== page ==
View the Green Tip in your browser.

6 Ways to Minimize Your E-Waste

The typical American household has 24 electronic devices and in 2009 the EPA estimated that there are 2.37 million tons worth of electronics ready to be disposed of.  This would fill almost five football stadiums!

1. Re-evaluate – Do you really need that extra gadget? Try finding one device with multiple functions. 

2. Extend the life of your electronics - Buy a case, keep your device clean, and avoid overcharging the battery.  

3. Buy environmentally friendly electronics - Look for products labeled Energy Star or certified by the Electronic Product Environmental Assessment Tool (EPEAT).

4. Donate used electronics to social programs – and help victims of domestic violence, children safety initiatives, environmental causes and more. Ask your student REP for a postage paid mailer for your cell phone or ink cartridge. For each item recieved, the World Wildlife Fund will receive one dollar. 

5. Reuse large electronics - Post to Harvard’s Reuse List

6. Recycle electronics and batteries in e-waste recycling bins located around campus.  Large electronics can go in the larger bins found in your building.  Many Best Buys and Staples recycle electronics too.

a map of all the e-waste bins on campus


Minimizing E-waste is Important:

The manufacturing of these devices and the use of rare materials that go into their production represent a huge source of embodied energy.  Minimizing e-waste helps to conserve resources and reduces the amount of energy we take from the earth.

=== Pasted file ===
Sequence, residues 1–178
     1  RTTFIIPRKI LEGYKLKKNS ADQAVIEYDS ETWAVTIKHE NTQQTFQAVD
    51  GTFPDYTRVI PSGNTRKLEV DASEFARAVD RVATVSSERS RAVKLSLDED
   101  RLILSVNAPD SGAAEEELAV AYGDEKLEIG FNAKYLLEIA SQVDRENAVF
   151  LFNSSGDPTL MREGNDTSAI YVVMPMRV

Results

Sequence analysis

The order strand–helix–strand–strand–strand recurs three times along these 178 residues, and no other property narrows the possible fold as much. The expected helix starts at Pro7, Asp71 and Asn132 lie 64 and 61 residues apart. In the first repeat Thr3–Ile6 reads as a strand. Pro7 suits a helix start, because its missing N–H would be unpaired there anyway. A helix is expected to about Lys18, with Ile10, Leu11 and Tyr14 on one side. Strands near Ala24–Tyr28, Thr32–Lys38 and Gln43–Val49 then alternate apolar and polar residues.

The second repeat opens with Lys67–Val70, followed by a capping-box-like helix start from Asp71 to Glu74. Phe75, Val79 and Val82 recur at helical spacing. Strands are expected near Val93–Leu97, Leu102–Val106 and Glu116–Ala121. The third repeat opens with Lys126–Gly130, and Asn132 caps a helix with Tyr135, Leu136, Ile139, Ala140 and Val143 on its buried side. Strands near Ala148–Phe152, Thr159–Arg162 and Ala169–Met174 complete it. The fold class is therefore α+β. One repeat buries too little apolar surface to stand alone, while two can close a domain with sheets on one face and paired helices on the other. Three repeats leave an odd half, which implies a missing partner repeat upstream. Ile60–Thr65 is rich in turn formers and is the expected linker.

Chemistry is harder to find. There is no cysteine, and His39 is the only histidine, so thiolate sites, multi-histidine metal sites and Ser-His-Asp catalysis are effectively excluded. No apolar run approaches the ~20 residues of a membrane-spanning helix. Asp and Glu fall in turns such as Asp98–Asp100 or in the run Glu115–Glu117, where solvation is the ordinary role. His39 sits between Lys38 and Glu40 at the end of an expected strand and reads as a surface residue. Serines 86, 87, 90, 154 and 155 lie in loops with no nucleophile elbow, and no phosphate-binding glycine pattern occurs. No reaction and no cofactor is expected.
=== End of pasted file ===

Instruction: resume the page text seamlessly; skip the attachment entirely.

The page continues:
Reusing the precious metals and plastics in old cell phones alone instead of making or mining more of them would save as much energy as flipping off the power to 24,000 US homes for an entire year*.


Green Carpet Award Winners That Minimize E-waste:

Thomas Lingner of the HCL Digital Imaging and Photography Group has driven many sustainable initiatives that propelled his 40-person office to achieve Green Office Leaf 4, including   increasing awareness and reducing the amount of e-waste generated in his office.

Basma Hashmi started the Green Initiative in the Wyss Lab and is a part of the Wyss Sustainability Team.  Hashmi actively promoted e-cycling and played a large role in creating the Wyss lab electronic recycling program.

As Manager of Administrative Operations at Harvard University Information Technology, John Courville handles the proper disposal of equipment like computer hardware and batteries of all kinds.  Courville’s consistency and dedication to green practices is an inspiration to all that work with him. 


Learn and do more:**

  • You can learn how to delete all of your personal data off of your device before you get rid of it.
  • 17 states, including Massachusetts, have banned the disposal of electronics in landfills.
  • See how a battery goes through the recycling process.


** The Office for Sustainability is not responsible for the content of the provided weblinks and does not endorse any of these products or ideas.